There’s nothing good that comes from him, so just shut that stuff down. You got to do those things for self-protection. There are so many things that can be done even pre-incident. Gary and I have spoken about this before. There’s all kinds of little cutesy memes out there and we get comments all the time on our newsletters or podcasts or whatever where somebody’s like I’d rather be tried by 12 than carried by 6. I’d rather not have any of it come up. I’d rather just walk away freely and be healthy and whole and happy and live my life.
Phillip: That’s the way we’ve got to be. Folks, I want to thank my special guest, Rob High and Gary Eastridge, CCW Safe. They’re the best people to have on your team, but I hope you never have to meet them, so have a great week and we’ll be back next week.
Gary: Bye-Bye guys.
Phillip: If you want to continue your thought, they could cut that out for your podcast and continue. I just had to jump off the show on that part. If you want to do that, Rob because you were on a roll. I hate to jump on that.
Gary: I’d like to follow up a little more on that social media because that’s one of the things. I monitor our social media accounts for comments and it amazes me what people say on an open forum on Facebook about what they would do.
Rob: Let’s just pick it right back up then. As we’re moving forward, we’ll continue this in discussion regarding allowing access into our lives, into our incidents that are going to be detrimental. We do it, and we don’t even think about it. It’s amazing the things that pick things up these days. I had a discussion with Gary, and some of the guys from the office yesterday and we’re just discussing the viability of a J-Frame pistol. Great little gun. It’s concealable, it’s just something that helps us, and we get into other things and all of a sudden I look down at my phone and I told Justin today, I said, all of a sudden I’ve got this message that pops up and it’s a sale on J-Fram revolvers.
That’s not necessarily the things that are going to blow up, but I can tell you I’m investigating and one of the first things I do is it’s like Philip Naman, blah blah, blah. This is where he is from and I pass that off to our analyst and they dig into your life so all those-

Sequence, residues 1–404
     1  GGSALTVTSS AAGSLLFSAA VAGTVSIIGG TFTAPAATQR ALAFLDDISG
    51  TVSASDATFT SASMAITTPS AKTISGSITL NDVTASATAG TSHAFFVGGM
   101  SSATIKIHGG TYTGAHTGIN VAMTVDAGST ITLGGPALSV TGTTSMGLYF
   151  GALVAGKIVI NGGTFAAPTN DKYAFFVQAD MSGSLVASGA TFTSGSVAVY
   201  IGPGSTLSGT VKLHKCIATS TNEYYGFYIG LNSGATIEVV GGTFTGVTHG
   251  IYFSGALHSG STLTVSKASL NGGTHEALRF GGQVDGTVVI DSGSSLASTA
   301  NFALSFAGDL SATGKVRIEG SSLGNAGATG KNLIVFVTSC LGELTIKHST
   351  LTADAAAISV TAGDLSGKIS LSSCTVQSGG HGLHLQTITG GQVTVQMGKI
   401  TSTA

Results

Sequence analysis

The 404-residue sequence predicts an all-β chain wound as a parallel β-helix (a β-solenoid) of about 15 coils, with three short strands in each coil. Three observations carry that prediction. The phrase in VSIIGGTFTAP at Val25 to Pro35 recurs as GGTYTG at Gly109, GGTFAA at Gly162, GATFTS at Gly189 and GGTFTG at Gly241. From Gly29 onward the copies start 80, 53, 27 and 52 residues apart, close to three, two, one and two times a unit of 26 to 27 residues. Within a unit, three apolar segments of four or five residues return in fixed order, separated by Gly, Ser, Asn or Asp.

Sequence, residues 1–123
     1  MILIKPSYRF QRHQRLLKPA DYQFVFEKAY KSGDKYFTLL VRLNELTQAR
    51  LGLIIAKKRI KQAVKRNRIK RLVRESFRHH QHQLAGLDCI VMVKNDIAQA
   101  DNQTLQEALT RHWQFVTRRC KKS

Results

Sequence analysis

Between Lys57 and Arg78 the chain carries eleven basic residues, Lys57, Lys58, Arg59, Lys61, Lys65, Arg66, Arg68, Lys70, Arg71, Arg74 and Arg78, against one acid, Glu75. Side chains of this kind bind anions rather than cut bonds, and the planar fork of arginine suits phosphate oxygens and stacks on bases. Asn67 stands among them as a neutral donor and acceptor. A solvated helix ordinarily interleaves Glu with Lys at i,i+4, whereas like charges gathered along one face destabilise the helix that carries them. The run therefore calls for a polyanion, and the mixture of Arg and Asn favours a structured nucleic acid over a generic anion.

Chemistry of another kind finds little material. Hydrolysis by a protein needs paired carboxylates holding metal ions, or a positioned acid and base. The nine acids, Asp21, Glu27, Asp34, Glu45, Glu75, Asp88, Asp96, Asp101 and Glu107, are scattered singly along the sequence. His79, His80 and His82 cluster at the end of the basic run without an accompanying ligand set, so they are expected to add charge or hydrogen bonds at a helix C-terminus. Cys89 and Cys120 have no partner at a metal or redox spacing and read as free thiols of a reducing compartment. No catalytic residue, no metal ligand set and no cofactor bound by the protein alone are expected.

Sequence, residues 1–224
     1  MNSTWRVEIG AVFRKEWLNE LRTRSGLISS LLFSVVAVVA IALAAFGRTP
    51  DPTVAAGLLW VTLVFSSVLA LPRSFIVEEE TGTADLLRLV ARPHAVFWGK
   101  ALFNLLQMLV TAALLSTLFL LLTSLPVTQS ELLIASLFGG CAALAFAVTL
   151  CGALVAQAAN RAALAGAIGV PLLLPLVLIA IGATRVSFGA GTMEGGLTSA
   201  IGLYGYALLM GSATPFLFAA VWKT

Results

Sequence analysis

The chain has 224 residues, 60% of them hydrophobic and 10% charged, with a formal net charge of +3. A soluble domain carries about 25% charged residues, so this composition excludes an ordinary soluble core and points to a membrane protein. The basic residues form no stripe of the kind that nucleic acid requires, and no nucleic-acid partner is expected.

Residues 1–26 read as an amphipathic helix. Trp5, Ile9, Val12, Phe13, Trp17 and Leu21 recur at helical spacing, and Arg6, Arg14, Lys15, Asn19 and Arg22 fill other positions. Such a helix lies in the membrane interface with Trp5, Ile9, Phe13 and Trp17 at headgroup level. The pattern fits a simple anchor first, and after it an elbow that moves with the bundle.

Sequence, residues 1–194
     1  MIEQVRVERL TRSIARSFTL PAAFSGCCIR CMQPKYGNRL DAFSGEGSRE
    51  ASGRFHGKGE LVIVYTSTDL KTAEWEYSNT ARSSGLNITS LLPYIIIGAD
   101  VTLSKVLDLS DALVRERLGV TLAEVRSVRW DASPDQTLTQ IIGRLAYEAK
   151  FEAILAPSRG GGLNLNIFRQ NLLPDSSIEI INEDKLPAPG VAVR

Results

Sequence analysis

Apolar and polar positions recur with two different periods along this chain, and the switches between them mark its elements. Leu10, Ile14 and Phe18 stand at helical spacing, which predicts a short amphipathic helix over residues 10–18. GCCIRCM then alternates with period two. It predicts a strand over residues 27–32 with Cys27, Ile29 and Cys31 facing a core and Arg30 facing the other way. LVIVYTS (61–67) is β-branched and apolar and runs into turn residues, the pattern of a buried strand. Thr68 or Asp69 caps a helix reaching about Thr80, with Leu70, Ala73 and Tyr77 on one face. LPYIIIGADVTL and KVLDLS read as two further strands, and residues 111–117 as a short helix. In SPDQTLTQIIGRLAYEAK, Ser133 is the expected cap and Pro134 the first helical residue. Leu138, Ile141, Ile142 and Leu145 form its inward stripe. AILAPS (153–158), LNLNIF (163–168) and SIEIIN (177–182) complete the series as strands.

Gary: Data mining.
Rob: Yes, all those stupid things that I thought were just funny. I didn’t mean them but they were funny. These things are being used against me. Go ahead, Gary.
Gary: I was going to say, I’ve got a couple of examples. We just ran a newsletter on the aftermath about needing support in the aftermath. It sparked a lot of comments. One guy talked about, I don’t need anything. I’ve got a back hole and a hole already dug implying that he’s going to bury the body. Then that was followed up with comments that said, “No body, no crime.” Well, I assure you that’s incorrect, and if you were legally justified in your shooting, you’ve just made it a crime by your actions.
Not only that, even if it’s an offhand remark or joke, you can bet you’re going to get to explain that in court. The thing is, a lot of times your attorney’s not going to let you explain it. He doesn’t want to put you on, so that statement’s got to stand on what it is. What does that show? It shows you have a disregard for your callous towards taking a life, that could be that little thing that pushes that jury over the edge to find you guilty.
Rob: One of the other things, and pretty much every one of them I’ve ever worked with across the table as they’re working a defense. I don’t think I’ve ever been around an attorney that did not give sage advice on what to do moving forward for their clients. I can say that from working on the civilian side as well, working in the defense of people, take that as gospel. When your attorney says, “Listen, I want you to do these things. I want you to stop doing these things.” Whatever that advice is, is lessons learned over time, and he’s given that advice for a reason because he’s had to go fight the fight after somebody has done whatever that is, he’s imploring you not to do, so follow that advice. Keep that circle really small.
Protect yourself from the things that spin out of control that become just absolute lies but we’ve all seen those things. It was one of the biggest obstacles in the George Zimmerman case was all that stuff blew up and then he was not intelligent enough to refrain from jumping in front of cameras and giving statements and that stuff is. It just gets used in spun all the way out of control. As Don West can tell you, we’ve had all kinds of things pop up with. They’re giving facts in the courtroom and outside the courtroom, you still have people that are thinking, he did this, he did that, the dispatcher told him to do this and this is what he did instead, and those things were all lies. It’s how that case proceeded at. If I avoid all those things, I don’t have to worry about defending all those things.
[00:47:56] [END OF AUDIO]